In another important decision, Environmental Defense v. Duke Energy Corp, justices ruled against the energy company, which had made numerous modifications to its coal-fired plants without a permit, allowing them to run the plants for more hours a day, which increased total emissions but not hourly emissions. The primary question the case raised was whether or not the same word—“modification”—in two closely related statutory provisions could be interpreted differently in respective contexts. Prior to the Supreme Court’s decision, the Fourth Circuit decided that the word must be interpreted the same way in both contexts. The Supreme Court, in a nearly unanimous decision, reversed the Fourth Circuit’s ruling. “[The Court] said that there was enough flexibility. An agency can construe a term to have different meanings as long as both constructions were reasonable in light of the statutory structure,” he said.
Two other environmental cases will be argued in the coming weeks. The National Association of Home Builders v. Defenders of Wildlife case will seek to reconcile statutes in the Clean Water Act and the Endangered Species Act. United States v. Atlantic Research will deal with how the costs of recovering Superfund sites will be distributed among responsible parties.
Philip Morris USA v. Williams, a case that dealt with punitive damages awarded in a wrongful death lawsuit, has received the most attention this term, Clement said. The Supreme Court’s 5-4 decision invalidated an $80 million punitive damages award that was issued by the state courts in Oregon to the family of a lung cancer victim.
“You had a tobacco context where there was a very strong argument that the conduct [of Philip Morris] was quite reprehensible but on the other the ratio of punitive damages to compensatory damages was quite significant,” he said. “What the court held is that it is constitutional for the jury to take into account the injuries to third parties in determining how reprehensible the conduct is, but the jury cannot take injuries to third parties into account strictly in punishing the defendant.” The distinction is fine one and “if you had a little trouble following that, you’re probably not alone.” More importantly, Clement cited, was the fact that Justices Samuel Alito and Roberts voted in the majority in this case. “They don’t always split where you think they will,” Clement said.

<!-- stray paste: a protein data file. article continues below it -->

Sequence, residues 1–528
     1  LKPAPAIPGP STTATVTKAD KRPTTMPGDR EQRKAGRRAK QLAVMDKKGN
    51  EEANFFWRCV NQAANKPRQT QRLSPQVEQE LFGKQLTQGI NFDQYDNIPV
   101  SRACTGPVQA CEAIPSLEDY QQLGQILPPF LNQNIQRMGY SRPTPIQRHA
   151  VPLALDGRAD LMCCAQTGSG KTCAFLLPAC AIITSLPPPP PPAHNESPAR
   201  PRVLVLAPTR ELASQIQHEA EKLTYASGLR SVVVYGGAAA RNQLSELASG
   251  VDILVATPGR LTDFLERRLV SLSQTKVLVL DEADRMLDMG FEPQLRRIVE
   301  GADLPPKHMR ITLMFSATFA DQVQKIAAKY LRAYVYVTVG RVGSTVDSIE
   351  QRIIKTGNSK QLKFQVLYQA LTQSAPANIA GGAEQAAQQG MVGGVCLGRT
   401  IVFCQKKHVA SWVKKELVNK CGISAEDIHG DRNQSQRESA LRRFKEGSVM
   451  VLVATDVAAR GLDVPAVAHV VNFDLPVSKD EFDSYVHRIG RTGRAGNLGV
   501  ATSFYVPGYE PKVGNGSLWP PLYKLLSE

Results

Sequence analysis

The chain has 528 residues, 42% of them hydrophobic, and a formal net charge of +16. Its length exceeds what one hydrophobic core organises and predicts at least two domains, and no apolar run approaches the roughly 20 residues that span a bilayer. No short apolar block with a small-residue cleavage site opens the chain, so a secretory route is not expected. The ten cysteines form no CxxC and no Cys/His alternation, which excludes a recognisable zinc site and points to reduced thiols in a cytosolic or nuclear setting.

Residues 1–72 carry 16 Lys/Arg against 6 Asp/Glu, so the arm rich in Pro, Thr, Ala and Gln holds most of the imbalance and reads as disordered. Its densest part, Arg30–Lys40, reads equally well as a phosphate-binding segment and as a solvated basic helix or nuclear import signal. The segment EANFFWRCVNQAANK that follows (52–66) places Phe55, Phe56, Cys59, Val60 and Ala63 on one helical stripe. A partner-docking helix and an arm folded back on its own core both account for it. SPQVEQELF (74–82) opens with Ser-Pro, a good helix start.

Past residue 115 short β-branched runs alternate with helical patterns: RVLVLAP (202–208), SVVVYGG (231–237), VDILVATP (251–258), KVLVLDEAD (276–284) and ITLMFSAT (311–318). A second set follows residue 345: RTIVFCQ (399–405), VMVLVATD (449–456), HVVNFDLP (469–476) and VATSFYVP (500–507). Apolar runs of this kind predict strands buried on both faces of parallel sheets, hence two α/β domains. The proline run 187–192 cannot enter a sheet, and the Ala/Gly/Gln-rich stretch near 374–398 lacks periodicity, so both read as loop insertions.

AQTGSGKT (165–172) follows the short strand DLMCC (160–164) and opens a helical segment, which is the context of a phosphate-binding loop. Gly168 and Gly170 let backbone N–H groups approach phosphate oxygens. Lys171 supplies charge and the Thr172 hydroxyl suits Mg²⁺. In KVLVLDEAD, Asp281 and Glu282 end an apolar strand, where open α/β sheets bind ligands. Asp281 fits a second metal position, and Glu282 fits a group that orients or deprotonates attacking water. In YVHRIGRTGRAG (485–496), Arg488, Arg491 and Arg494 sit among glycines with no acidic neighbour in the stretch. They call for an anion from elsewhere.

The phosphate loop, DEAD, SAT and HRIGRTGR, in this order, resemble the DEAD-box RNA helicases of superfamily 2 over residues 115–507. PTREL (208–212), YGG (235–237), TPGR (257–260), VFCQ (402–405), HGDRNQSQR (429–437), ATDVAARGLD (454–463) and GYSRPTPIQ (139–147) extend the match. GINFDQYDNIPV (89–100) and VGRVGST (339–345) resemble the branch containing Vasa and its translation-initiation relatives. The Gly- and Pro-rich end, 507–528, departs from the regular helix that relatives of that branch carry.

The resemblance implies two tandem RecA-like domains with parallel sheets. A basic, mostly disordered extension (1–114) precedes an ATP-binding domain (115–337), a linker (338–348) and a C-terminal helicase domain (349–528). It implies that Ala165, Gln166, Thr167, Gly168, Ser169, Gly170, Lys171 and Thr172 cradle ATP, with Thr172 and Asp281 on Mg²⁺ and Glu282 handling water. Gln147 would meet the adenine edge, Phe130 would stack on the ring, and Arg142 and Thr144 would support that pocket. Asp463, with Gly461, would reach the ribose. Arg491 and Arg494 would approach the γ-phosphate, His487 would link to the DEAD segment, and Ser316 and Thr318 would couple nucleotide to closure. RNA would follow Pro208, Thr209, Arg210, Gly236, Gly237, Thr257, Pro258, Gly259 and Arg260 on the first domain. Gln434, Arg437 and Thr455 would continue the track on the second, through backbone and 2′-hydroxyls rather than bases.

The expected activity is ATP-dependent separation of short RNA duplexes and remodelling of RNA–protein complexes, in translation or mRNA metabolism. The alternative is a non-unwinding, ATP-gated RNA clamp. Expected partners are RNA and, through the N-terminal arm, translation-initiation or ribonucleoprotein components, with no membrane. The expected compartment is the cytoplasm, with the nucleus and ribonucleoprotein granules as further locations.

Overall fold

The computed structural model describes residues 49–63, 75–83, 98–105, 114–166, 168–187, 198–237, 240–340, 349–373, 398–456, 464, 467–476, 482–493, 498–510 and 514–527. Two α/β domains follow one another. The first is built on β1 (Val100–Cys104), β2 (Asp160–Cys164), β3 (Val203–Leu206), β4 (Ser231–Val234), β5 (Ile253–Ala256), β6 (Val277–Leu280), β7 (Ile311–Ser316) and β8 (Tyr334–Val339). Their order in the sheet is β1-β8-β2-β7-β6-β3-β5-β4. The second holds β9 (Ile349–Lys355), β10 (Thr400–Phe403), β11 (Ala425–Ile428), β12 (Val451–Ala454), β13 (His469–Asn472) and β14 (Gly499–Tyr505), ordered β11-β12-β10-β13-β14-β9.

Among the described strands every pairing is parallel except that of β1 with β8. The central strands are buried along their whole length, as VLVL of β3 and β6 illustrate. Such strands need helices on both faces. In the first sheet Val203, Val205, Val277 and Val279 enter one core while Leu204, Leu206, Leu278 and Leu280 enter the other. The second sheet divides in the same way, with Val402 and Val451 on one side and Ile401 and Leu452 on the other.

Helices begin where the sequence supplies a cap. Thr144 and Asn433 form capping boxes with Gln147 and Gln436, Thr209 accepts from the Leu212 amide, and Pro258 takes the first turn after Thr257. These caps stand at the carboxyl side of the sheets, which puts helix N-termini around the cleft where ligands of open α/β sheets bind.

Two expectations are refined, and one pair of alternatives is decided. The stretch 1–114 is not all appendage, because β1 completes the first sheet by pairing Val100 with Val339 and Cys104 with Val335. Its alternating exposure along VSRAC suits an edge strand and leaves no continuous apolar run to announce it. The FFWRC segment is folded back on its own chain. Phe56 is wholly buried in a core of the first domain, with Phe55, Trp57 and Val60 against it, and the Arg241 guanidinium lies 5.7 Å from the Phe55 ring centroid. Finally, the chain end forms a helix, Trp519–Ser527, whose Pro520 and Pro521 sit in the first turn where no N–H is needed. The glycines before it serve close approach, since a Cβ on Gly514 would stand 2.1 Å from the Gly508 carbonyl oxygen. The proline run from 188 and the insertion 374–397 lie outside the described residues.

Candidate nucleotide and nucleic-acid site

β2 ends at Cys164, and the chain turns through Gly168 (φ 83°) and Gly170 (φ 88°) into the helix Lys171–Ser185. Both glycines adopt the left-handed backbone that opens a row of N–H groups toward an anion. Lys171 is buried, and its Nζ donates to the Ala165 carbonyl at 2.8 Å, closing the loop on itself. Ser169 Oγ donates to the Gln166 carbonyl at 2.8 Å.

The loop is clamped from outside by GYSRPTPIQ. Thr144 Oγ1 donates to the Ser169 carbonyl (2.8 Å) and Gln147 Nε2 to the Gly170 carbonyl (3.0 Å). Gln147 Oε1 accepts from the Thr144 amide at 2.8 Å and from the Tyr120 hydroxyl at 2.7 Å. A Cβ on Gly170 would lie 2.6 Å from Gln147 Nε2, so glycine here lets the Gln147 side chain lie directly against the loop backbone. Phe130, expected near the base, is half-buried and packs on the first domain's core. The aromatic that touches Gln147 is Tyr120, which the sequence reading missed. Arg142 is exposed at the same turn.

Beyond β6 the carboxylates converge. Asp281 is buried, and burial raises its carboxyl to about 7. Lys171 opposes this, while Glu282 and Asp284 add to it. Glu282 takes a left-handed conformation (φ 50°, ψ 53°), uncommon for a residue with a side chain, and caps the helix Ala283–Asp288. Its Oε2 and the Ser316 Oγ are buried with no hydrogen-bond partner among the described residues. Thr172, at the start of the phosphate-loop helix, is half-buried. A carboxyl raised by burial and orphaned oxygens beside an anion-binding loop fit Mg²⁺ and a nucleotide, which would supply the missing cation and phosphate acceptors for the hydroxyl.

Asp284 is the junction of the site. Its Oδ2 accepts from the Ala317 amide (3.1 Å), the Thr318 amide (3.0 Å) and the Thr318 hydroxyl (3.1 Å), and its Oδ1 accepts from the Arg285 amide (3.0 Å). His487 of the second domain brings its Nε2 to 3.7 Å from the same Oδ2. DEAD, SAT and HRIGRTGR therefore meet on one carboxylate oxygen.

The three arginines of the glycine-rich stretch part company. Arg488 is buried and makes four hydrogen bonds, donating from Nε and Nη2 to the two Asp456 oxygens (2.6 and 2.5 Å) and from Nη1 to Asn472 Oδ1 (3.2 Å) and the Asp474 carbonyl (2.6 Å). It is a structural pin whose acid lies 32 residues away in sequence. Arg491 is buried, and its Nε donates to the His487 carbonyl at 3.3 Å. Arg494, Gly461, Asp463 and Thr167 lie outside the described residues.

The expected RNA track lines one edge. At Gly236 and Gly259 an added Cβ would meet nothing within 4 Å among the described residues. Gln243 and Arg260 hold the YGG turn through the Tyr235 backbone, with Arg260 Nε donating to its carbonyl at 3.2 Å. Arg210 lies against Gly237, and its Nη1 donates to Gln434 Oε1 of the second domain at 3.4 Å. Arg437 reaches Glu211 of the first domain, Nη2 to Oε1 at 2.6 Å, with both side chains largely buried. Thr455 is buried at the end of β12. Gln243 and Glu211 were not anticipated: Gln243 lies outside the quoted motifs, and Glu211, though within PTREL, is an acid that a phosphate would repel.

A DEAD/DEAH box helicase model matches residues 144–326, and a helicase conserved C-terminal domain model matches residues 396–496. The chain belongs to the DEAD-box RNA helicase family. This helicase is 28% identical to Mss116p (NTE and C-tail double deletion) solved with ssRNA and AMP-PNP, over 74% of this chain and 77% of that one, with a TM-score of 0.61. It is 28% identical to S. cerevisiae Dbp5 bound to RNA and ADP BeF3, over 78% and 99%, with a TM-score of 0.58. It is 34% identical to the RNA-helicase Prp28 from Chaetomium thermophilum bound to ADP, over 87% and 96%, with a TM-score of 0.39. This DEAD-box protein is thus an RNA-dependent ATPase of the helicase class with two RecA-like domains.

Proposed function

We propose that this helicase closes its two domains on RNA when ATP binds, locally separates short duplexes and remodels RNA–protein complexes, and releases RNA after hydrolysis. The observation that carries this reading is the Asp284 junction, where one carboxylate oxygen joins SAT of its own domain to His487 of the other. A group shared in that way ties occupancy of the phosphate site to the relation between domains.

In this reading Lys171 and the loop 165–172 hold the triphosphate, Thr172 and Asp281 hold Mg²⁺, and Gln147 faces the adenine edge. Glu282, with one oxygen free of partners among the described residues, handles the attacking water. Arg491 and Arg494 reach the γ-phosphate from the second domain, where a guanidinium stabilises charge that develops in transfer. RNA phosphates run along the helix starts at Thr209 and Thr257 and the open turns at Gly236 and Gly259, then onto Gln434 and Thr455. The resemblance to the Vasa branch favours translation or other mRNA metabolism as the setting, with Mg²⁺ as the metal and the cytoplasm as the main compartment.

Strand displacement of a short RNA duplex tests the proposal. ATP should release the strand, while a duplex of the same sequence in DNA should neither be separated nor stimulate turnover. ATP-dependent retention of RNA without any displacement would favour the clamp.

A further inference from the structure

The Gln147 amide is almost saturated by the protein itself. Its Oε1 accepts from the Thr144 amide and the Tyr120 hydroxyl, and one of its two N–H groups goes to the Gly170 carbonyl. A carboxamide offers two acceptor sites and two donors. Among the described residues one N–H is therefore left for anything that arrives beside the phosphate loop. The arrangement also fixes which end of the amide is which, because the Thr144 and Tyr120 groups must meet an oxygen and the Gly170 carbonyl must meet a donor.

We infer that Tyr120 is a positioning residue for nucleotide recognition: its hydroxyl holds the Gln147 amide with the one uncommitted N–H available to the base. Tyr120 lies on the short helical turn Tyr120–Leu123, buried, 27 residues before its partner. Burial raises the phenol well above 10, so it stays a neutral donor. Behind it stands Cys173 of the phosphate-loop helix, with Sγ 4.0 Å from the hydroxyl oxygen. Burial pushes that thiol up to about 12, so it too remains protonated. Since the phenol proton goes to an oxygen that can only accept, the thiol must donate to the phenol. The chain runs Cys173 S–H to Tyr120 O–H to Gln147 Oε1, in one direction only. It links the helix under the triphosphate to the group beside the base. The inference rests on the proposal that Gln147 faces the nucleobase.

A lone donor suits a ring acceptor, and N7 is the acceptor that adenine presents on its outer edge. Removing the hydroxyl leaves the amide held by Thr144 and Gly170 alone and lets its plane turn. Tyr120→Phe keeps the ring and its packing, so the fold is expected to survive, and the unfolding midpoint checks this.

The Court heard an “extraordinarily large” number of antitrust cases this term, he added. Bell Atlantic v. Twombly, which has not yet been decided, has the potential to be one of the most significant antitrust cases this term. The outcome of the case will determine what one must plead in an antitrust case to get past the motion-to-dismiss stage.
“The fact that the court took four antitrust cases, a lot more than they have for a while, is very interesting,” he said. Of the three cases that were taken last year, there were 27 votes for the defendants and two for the plaintiffs. The 9-0 vote for the defendant in the sole decided case this term and the fact that the others were granted on the defendant’s petition for certiorari suggests that the court may be interested in reversing lower courts’ decisions, Clement explained.
Patent cases, typically heard by the Federal Circuit, also have come into favor at the Supreme Court. “I think over the last couple of years they’ve gotten more interested in this area and I think they’ve also been somewhat skeptical of the approach that the Federal Circuit has taken on some of these issues,” he said.
Key decisions are still forthcoming in Wisconsin Right to Life, Inc. v. Federal Election Commission, a First Amendment case involving campaign finance laws, and a pair of voluntary school desegregation cases heard together, Community Schools v. Seattle School District #1 and Meredith v. Jefferson County Board.
“Although it’s difficult to make any firm predictions in the middle of the term, I feel reasonably confident in predicting the court’s term as a whole will be considered quite an interesting and important one, and also that we will start to develop at least some meaningful data points when it comes to thinking about what the Roberts Court is going to look like.”